You guys were young enough when the original came out that you could have been really attached to it. Did you have that nostalgic fondness for it?
Schossberg: Jon and I, we're friends from high school, we went to different colleges, but while we were in college we started writing our first screenplay. At the time American Pie hadn't come out yet, and our big goal was to write the first R-rated youth comedy since the early 80s. Our first script was trying to be that American Pie, and then when American Pie came out, it felt like somebody beat us to it.
Hurwitz: For whatever reason, there was something in the air back then. But we were the target audience for the movie, and we happened to love it, and we understood why fans connected to it. It's a good thing that we saw it before we were in the business, because we were able to watch it as a movie. A lot of times we watch a comedy and can't help but critique them--
Schlossberg: Or you can imagine what was going on that day on set. But yeah, we watched it, we were just a couple moviegoers who were writing a screenplay in that world, and we fell in love with the movie right away.
So why is there no reference to the pie in this?
We shot something with the pie, but we didn't cut it out because it wasn't funny, it was almost too much. We had the scene in the kitchen where Jason Biggs reveals, you know, a lot, and afterwards we revealed that there was a pie.
Hurwitz: We actually made it where as Jason is leaving the room, Jim's dad enters the room and sees his son in this weird predicament. And Michelle sees this pie on the counter that's ravaged, and Jim and his dad look at each other with concern, but then Selena sees that clearly he was eating the pie. There was a plate with a fork. So Jason breathes a sigh of relief. The truth is it was funny and we really liked it, but the joke with the pot lid just got such a huge reaction, sometimes you want to end a scene on a high note, and it was almost too much comedy in one scene.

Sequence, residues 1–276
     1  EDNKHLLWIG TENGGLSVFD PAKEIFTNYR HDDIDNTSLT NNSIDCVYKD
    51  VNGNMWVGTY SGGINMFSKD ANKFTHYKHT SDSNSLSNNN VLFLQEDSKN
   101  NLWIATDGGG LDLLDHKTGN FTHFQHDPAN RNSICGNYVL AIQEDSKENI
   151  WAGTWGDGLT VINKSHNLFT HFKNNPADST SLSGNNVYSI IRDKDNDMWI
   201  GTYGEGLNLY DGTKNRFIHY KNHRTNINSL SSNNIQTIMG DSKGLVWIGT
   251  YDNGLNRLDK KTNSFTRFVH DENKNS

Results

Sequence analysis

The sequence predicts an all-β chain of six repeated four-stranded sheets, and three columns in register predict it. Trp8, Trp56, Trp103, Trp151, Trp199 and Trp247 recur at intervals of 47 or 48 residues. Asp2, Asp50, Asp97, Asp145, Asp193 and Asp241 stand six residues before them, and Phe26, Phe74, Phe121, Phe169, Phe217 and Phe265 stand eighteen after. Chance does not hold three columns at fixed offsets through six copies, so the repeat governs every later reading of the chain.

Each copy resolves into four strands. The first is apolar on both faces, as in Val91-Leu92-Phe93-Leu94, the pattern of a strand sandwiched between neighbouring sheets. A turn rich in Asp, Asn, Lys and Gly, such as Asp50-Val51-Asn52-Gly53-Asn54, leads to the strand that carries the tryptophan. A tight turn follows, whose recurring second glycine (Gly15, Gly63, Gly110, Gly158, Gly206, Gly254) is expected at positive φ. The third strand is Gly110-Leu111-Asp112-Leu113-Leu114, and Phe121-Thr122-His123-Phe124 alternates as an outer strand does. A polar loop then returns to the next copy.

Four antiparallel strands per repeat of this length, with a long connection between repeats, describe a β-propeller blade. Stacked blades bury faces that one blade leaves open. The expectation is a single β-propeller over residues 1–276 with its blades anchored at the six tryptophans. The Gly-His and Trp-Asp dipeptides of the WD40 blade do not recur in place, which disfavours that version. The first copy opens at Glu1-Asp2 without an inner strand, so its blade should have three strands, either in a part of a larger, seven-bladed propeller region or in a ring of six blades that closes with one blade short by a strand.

It feels like this isn't the beginning of another trilogy, but more of a final installment. Am I reading that right?
Hurwitz: It could go either way. The good thing about these movies is these are characters that are supposed to be real people, and as Jim gets older and Michelle gets older and Stifler gets older, they could always end up in some other adventure. You never know. We felt like it was important to make a movie where, if this is the last American Pie, it ends on a fulfilling note. If there ends up being a fifth one and we'r involved, our goal would be to make that one extremely fulfilling as well.
So you guys are open to that then
Schlossberg: Jon and I love franchises, because they have a fanbase. We grew up in an era where it seemed like every great movie had sequels. We loved Star Wars, Back to the Future, Karate Kid, Rocky. When Rocky beat Ivan Drago, you think that's it, but then he comes back 25 years later with Rocky Balboa. I wouldn't count out any movie so long as there's a fanbase for it. But for us to get involved there needs to be some sort of connection. But that's what we like about this, it's not just part four, it's its own movie. You have to find the originality of what you're dealing with.
Hurwitz: It's a little bit of a cliched thing for people to be anti-franchise or anti-remakes. From the very beginning of Hollywood, before there was sound, there were four versions of Brewster's Millions. People are always complaining about it, but clearly most people enjoy it. I remember how excited we were when Back to the Future 2 came out.
Schlossberg: When we wrote the first Harold and Kumar script, we ended it with to be continued, because we like the characters, and sometime when we write a movie we're always thinking about what the sequel would be.